FREE holiday activities for Oxford’s most deprived children are safe from council cuts.

A review of the sports and arts sessions provided on city estates since 2006 revealed they are growing in popularity.

And Oxford City Council has confirmed the £160,000-a-year funding is safe for the next three years.

The news comes just weeks after a new study revealed that deprivation is worsening in Oxford, and is concentrated on estates such as Barton, Blackbird Leys and Rose Hill.

Activities provided during school holidays have included basketball, bushcraft, film making and music.

The majority are free, although some carry a small charge Antonia Bance, the council’s executive member for social inclusion said providing opportunities for children from deprived families was a key priority.

She said: “The funding is secure for three years and there is no major increase or decreases. I think the activities are of vital importance to children and families where we run them.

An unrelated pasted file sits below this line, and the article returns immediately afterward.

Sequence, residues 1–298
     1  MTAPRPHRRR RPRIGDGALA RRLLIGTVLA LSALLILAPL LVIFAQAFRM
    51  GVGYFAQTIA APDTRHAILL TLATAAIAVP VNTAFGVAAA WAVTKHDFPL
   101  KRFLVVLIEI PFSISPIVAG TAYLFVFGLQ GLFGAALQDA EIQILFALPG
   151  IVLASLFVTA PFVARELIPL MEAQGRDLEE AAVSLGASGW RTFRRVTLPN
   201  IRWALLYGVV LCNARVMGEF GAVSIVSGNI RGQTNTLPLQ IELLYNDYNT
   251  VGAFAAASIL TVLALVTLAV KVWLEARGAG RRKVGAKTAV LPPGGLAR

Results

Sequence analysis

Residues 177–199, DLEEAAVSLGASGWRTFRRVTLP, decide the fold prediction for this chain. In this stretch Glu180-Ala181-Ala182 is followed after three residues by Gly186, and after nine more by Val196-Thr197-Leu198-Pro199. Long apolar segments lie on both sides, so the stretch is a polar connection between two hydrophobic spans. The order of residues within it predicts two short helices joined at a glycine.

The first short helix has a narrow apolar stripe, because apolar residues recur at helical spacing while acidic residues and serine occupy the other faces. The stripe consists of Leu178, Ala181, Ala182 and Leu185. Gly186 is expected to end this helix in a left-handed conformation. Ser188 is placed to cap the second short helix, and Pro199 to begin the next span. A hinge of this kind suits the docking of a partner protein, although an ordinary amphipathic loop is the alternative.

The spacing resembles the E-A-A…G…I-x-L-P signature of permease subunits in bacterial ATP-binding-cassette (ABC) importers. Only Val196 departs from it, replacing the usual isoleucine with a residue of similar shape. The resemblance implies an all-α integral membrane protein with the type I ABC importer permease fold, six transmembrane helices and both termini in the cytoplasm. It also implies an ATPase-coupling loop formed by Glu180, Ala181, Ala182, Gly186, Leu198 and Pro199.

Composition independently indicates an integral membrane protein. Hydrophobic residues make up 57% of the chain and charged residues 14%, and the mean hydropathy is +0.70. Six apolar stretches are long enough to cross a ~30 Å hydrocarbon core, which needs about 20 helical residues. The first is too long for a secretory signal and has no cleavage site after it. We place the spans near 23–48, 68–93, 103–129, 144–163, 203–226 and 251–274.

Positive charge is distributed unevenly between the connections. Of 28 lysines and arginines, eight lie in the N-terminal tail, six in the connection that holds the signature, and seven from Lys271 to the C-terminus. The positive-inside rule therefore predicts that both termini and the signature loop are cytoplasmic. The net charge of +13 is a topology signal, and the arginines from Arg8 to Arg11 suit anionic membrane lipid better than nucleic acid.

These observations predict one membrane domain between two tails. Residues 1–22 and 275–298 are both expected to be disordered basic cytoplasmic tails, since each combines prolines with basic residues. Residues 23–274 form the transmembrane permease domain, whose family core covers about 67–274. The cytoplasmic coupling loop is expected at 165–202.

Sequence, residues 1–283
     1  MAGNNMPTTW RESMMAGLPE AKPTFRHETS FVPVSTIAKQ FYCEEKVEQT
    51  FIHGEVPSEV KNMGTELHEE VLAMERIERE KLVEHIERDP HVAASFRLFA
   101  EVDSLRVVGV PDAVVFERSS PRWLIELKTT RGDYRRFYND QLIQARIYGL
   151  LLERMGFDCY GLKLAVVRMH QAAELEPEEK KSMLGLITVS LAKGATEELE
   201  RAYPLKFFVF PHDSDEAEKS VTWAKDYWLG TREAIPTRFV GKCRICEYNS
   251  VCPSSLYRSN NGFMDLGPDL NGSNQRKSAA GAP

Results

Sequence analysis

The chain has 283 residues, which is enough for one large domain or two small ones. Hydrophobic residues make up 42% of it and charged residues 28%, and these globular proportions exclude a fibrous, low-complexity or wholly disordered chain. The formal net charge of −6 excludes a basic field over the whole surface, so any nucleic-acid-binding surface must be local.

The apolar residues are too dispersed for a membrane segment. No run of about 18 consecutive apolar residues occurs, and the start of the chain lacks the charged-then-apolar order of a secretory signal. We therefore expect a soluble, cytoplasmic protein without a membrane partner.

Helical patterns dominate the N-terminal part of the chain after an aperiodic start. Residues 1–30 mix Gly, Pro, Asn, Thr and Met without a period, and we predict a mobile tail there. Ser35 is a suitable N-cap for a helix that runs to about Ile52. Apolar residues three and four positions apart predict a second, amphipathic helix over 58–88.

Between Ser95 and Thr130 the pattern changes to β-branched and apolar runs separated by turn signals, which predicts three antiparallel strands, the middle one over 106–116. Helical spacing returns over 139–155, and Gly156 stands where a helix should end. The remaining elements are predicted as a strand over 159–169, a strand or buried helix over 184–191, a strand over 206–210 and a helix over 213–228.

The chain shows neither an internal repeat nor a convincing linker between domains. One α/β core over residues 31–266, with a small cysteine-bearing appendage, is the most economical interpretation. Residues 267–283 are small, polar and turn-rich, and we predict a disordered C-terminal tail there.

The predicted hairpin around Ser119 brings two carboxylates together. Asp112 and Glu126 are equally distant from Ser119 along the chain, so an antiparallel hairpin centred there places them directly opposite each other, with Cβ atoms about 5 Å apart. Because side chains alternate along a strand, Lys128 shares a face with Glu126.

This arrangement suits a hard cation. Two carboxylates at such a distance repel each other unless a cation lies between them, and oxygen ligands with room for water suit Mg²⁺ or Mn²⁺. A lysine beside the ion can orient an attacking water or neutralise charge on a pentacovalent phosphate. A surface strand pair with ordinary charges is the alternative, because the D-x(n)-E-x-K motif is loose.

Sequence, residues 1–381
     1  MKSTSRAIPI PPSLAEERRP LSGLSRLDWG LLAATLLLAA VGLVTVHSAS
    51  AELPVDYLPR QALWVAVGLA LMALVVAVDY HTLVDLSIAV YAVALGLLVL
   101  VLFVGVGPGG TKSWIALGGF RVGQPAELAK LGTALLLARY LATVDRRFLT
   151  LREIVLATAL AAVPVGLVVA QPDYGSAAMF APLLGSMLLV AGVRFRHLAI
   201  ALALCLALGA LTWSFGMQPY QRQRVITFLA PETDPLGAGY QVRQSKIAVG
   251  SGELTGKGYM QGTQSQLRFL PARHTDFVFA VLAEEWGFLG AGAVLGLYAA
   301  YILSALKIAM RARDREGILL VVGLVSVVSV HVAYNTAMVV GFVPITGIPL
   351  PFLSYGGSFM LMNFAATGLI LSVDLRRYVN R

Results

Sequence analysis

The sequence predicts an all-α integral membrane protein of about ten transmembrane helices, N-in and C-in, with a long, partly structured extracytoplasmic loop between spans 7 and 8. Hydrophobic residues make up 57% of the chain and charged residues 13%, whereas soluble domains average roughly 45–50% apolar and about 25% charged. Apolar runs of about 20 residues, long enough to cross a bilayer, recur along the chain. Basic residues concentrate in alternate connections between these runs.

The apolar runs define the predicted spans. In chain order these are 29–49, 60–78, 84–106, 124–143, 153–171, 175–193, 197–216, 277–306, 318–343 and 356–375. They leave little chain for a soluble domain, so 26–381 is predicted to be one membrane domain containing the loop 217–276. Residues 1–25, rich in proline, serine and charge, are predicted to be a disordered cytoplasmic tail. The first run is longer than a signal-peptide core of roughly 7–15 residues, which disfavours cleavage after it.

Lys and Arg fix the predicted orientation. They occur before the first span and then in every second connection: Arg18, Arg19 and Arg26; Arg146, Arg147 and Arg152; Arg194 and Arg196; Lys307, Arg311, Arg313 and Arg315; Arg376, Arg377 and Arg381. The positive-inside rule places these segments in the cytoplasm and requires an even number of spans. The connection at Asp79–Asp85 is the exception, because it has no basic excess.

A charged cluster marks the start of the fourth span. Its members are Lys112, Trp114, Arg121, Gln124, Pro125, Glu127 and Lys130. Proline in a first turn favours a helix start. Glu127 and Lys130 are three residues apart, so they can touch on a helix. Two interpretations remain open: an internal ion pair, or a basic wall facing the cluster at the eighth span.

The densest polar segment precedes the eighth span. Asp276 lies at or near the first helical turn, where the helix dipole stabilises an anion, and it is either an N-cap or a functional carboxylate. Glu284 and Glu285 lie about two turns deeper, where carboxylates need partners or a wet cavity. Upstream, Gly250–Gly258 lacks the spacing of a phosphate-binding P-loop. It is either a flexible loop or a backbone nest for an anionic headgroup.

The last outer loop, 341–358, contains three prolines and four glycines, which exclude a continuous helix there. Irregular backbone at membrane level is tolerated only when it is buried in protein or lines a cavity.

“They are specifically aimed at children growing up in families with fewer opportunities and less cash.”

She added: “Oxford is an expensive place to live.

“A trip into town and a cinema ticket is not cheap, and not every family can afford that all the time.

“This is about giving opportunities to those families.”

In previous years, activities have been funded in Blackbird Leys, Barton, Rose Hill, Littlemore and across East Oxford.

In 2009/10, 1,035 children attended, with 1,373 in 2010/11, up by 37 per cent.

The average cost to the council per child attending is £14.41.

Ms Bance said the sessions, which are open to all regardless of background, help tackle wider social issues.

She said: “They are targeted at helping young people make good choices, staying out of crime and staying in school.

“They build self esteem so they become confident adults.”

Last month, Oxfordshire County Council agreed to cut its youth services across the county.

A total of 22 centres have lost funding while 13 will continue to get cash.